I had a client early in my CPA career who said to me, he goes, “Craig, you’re going to burn out as a CPA someday.” And he was a house painter, so I don’t know how he knew I was going to burn out or could predict that. But he said, “You have to have a hobby.” And I said, “Well, what are your hobbies?” And he said, “Bowling, and I go golfing.” And Carol had been bugging me to join the country club and to learn to golf. She was a golfer. And so I actually took up the hobby of golfing and I didn’t take up bowling though, but I did take up golfing. And then I took up traveling. I do like to travel. And we’ll talk about that in a little bit.
Before I started my CPA firm, I was working with another CPA firm and I had an experience one day that left a mark on me. A guy came in, he was a retired CPA. And here’s a great lesson. I’m finally hiring someone else to do my own taxes after all these years of owning other businesses and having retired from the CPA business in 1999. So that’s been a long time. He came in to pick up his tax return that our firm had prepared. And I was the one that got to take it out and sit down and meet with him. I hadn’t talked to him before.
And as I handed him his tax return, he said to me, he said, “Let me tell you a story.” He said, “When I started my CPA firm—” And so this was a long time ago. So he was probably 40 years into his career. He said, “I went in and wanted to get a loan from a bank to help me so I had a line of credit to help me during the slower months, because when you do tax returns, you’d get a lot of cash flow during the months of March and April, typically.” He said, “I went in to the bank and I took out my business plan and I left it with them. And then I went back a couple days later to meet with the banker. And the banker told me, he says, I’m not going to make you the loan.”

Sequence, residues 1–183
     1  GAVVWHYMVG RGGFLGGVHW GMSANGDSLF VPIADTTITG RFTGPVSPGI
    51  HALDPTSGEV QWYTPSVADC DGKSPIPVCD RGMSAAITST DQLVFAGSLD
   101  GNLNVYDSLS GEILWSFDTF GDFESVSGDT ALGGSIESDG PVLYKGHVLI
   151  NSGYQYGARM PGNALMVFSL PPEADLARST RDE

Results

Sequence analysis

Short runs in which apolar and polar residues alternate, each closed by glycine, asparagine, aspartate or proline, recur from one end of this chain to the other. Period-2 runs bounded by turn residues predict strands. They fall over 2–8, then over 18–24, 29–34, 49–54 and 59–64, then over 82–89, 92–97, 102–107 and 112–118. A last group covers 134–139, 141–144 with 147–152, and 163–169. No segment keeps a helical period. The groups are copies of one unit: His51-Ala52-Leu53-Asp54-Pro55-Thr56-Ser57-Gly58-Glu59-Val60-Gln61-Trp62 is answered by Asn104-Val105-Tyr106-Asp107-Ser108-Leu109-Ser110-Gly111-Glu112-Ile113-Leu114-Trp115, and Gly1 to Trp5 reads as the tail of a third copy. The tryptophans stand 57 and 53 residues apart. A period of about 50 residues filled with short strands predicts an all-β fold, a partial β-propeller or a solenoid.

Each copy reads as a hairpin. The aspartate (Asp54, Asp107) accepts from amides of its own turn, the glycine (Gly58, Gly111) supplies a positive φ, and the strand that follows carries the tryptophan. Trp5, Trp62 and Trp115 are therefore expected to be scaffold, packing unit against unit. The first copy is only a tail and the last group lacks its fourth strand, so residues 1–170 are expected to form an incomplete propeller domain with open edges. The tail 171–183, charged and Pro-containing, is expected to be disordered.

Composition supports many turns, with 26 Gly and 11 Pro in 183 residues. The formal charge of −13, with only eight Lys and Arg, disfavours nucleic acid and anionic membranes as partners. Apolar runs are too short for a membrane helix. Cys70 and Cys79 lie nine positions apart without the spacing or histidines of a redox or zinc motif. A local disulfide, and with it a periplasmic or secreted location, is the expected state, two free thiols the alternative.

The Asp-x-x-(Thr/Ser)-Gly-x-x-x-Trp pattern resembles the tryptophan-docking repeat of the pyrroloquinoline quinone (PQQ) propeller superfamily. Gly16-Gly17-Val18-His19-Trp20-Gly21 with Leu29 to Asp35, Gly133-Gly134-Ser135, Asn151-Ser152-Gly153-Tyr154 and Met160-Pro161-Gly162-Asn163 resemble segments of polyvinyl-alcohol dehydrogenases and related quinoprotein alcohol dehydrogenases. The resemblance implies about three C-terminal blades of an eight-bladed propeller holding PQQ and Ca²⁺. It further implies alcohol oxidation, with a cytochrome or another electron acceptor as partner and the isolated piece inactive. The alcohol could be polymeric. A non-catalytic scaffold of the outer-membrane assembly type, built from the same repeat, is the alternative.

And he looked at him frustrated and he goes, “I had a great business plan. What’s wrong with it?” He said, “You had no line in there for expenses to take a vacation.” He said, “I’m not going to lend to you as a banker unless you as a CPA are going to take a vacation every year so that I know that you have the sharpness and that you’re not burning out.” And I thought to myself, “What a great lesson.” I don’t know why he shared it with me till today, but I took that to heart and I would always go on vacation. In fact, one of the last years of being a CPA, I did something I always wanted to do: go on vacation before April 15th. And I left a few days before.